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Brigadier-General
James Ronald Chalmers
JamesRonaldChalmersp157crop.jpg
Nickname "Little 'Un"
Born (1831-01-11)January 11, 1831
Died April 9, 1898(1898-04-09) (aged 67)
Place of birth Lynchburg, Virginia
Place of death Memphis, Tennessee
Place of burial Elmwood Cemetery,
Memphis, Tennessee
Allegiance Flag of the Confederate States of America (1865).svg Confederate States
Service/branch Confederate States Army
Years of service 1861-1865
Rank Confederate States of America General Brigadier General
Commands held Fifth Dist., Dept. of Miss. and E. La.
Mississippi Cavalry in North Mississippi [1]
First Division, Forrest's Cavalry Corps
Battles/wars

American Civil War

Other work U.S. Congressman from Mississippi

James Ronald Chalmers (January 11, 1831 – April 9, 1898) was an American politician and a brigadier general in the Confederate States Army during the American Civil War.

Early life and educationEdit

Born to Joseph Williams Chalmers and his wife near Lynchburg, Virginia, Chalmers moved as a child with his family to Jackson, Tennessee, in 1835. Three years later, his parents moved the family to Holly Springs, Mississippi. Chalmers later attended St. Thomas Hall. His father, an attorney, was elected in 1845 to fill out an unexpired term as a United States Senator from Mississippi following the previous senator's resignation.

The younger Chalmers studied law at South Carolina College (present-day University of South Carolina) in Columbia and graduated in 1851. At the age of 21, he served as a delegate to the Democratic National Convention of 1852, before being admitted to the bar the following year.

Chalmers began practicing law upon his return to Holly Springs. In 1858, he was appointed as district attorney for the seventh judicial district of Mississippi. He participated in the secession convention of Mississippi in January 1861.

Military serviceEdit

In March 1861, Chalmers at the age of 30 enlisted in the Confederate Army as a captain and, despite no prior military experience, was elected as Colonel of the 9th Mississippi Infantry Regiment the next month.

Stationed at Pensacola, Florida, during the first few months of the war, Chalmers was promoted to brigadier general on February 13, 1862. He fought under General Withers at the Battle of Shiloh on April 6.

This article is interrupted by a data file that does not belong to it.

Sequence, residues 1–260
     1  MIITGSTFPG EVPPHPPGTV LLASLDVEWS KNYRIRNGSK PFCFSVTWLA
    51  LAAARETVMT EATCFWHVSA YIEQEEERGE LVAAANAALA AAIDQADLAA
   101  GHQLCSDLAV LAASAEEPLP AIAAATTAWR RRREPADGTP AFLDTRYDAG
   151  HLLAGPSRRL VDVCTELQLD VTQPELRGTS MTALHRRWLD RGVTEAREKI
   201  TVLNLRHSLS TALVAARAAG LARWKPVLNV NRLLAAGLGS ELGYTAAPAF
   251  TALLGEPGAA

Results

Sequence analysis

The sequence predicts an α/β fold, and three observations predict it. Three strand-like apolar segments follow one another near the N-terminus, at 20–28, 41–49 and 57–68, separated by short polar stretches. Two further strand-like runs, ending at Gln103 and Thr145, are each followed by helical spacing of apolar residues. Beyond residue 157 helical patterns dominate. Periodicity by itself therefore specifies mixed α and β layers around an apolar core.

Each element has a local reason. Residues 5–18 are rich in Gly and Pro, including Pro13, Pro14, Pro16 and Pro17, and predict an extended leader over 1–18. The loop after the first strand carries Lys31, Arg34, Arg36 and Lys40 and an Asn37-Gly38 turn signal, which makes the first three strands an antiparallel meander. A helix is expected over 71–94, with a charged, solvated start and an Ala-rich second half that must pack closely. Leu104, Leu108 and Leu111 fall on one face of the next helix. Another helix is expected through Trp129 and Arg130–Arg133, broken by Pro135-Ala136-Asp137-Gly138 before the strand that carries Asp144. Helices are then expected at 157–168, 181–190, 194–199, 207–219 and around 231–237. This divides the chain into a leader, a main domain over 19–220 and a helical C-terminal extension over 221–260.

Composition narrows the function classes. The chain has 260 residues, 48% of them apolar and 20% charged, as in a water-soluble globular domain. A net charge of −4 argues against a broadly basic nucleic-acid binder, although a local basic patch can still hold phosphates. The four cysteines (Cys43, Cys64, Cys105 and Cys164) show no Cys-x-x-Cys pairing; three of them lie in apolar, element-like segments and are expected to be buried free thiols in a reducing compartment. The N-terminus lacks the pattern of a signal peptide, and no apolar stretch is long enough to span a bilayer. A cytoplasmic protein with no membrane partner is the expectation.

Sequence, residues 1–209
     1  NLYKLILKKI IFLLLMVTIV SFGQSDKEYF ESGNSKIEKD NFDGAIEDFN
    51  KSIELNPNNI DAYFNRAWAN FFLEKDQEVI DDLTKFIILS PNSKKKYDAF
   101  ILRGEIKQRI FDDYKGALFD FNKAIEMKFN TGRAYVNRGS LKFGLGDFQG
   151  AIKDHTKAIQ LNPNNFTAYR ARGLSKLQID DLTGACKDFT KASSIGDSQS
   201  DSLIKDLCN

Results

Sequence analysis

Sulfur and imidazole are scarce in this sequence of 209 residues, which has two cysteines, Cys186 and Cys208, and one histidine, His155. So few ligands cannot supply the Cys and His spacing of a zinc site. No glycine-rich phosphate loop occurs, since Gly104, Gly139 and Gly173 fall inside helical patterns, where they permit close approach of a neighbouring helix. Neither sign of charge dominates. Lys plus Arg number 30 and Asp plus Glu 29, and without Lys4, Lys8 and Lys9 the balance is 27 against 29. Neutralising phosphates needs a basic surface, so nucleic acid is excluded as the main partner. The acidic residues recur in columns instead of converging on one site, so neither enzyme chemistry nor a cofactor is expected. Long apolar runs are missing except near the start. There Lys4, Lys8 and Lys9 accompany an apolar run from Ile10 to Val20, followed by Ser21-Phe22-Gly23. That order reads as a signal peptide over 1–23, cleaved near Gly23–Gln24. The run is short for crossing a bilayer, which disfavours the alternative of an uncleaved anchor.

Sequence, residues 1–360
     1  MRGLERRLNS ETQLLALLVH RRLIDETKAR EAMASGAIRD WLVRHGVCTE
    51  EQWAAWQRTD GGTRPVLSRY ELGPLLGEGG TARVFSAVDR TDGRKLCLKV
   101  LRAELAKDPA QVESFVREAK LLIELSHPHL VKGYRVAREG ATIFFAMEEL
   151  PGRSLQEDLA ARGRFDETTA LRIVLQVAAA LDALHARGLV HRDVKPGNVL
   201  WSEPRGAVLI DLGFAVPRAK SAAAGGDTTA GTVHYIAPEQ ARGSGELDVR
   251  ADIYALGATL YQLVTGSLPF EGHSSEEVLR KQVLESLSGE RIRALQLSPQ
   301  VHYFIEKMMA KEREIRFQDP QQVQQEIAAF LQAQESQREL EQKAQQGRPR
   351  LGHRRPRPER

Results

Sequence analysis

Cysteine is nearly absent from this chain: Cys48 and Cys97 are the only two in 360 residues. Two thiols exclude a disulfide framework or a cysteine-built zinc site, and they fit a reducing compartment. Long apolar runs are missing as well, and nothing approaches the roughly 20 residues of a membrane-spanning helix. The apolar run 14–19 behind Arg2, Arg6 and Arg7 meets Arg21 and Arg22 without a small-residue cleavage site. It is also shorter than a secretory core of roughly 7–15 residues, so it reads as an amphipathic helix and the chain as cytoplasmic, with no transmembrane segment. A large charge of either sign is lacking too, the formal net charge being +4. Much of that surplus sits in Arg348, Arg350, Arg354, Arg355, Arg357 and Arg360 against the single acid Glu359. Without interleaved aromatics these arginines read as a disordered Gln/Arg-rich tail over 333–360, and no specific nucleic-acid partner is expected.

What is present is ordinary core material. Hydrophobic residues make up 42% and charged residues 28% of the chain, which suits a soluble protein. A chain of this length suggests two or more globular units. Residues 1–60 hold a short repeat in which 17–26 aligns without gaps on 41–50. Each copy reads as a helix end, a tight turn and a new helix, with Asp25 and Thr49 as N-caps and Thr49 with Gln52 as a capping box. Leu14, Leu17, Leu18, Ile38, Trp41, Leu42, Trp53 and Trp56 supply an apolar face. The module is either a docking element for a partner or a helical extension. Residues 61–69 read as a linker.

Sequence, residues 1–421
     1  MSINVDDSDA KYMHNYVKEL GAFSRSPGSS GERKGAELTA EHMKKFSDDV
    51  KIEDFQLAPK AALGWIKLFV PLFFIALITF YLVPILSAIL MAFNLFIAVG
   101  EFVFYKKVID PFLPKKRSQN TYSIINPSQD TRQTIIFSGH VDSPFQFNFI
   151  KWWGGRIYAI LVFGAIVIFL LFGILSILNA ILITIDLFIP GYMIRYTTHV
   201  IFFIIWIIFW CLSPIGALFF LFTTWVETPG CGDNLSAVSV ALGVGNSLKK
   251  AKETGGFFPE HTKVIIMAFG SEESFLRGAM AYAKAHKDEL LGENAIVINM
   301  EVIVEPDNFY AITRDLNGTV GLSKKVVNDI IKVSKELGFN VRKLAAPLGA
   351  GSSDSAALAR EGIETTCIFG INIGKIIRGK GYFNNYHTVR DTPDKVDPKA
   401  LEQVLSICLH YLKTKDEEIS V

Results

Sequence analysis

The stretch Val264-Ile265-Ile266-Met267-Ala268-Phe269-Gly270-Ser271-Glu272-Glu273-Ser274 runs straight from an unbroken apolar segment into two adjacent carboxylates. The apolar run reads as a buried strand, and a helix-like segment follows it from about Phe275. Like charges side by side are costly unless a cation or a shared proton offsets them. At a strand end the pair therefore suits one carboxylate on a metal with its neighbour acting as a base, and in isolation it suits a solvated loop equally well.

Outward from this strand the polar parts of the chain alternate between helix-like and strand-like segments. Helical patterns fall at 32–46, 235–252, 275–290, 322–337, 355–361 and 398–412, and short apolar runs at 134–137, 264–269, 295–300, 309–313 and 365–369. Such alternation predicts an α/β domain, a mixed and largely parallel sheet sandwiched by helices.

On July 1, 1862, Chalmers' force of nearly 5,000 infantry engaged in battle with Union Col. Philip Sheridan at a forward outpost near Booneville, Mississippi and, during the subsequent battle, was defeated by the 31-year-old Union officer. Sheridan employed superior weaponry and, by repeatedly moving Union troops on and off military transport trains, he deceived Confederate forces into believing his command (numbering 827 men) was much larger than their own.

Despite this embarrassing defeat, Chalmers was considered to have had a successful military career, taking part in the Kentucky Campaign under General Braxton Bragg. He was a brigade commander at the Battle of Stones River, where he was wounded at "Hell's Half-Acre".

In 1863, Chalmers was appointed commander of the District of Mississippi and East Louisiana before he was transferred to the first division of Maj. Gen. Nathan Bedford Forrest's cavalry corps the following year. Earning the nickname "Little 'Un'" while under Forrest, Chalmers saw action in Confederate military operations in North Mississippi, Kentucky, and West Tennessee. He also served with the Confederate Army of Tennessee during Lt. Gen. John B. Hood's 1864 campaign. At the end of the war, he was paroled in Gainesville, Alabama, on May 10, 1865.[2]

Later yearsEdit

James Ronald Chalmers - Brady-Handy

In the years following the war, Chalmers returned to Mississippi where he resumed his law career. As a prominent Mississippi political figure during Reconstruction, he was elected as a member of the state senate from 1876 to 1877.

After Mississippi's readmission into the Union, Chalmers was elected as a U.S. Representative for the state for three terms in 1877, 1878, and 1882. He failed in three other bids for election, contested by Republican John R. Lynch and Democrat Van H. Manning. Beginning in the mid-1870s, the Red Shirts, a paramilitary group supporting the Democratic Party, worked to intimidate and suppress black voting, with considerable violence during elections. In 1877 the federal government withdrew its military from the South, ending Reconstruction.

Chalmers retired from politics and, in 1888, moved to Vicksburg, Mississippi. He continued his law practice for another decade until his death on April 9, 1898. He was buried in Memphis, Tennessee, at Elmwood Cemetery, Evergreen Section, Lot 448.

See alsoEdit

NotesEdit

  1. Brig.-Gen. James R. Chalmers to Col. B.S. Ewell, Oct. 20, 1863, National Archives Building, Washington, D.C.
  2. Eicher, p. 168.

ReferencesEdit

  • Eicher, John H., and Eicher, David J., Civil War High Commands, Stanford University Press, 2001, ISBN 0-8047-3641-3.
  • Linedecker, Clifford L., ed. Civil War, A-Z: The Complete Handbook of America's Bloodiest Conflict. New York: Ballantine Books, 2002. ISBN 0-89141-878-4.

Further readingEdit

  • Halsell, Willie D. "James R. Chalmers and 'Mahoneism' in Mississippi." Journal of Southern History 10 (February 1944): 37-58
  • Warner, Ezra J., Generals in Gray: Lives of the Confederate Commanders, Louisiana State University Press, 1959, ISBN 0-8071-0823-5.

External linksEdit

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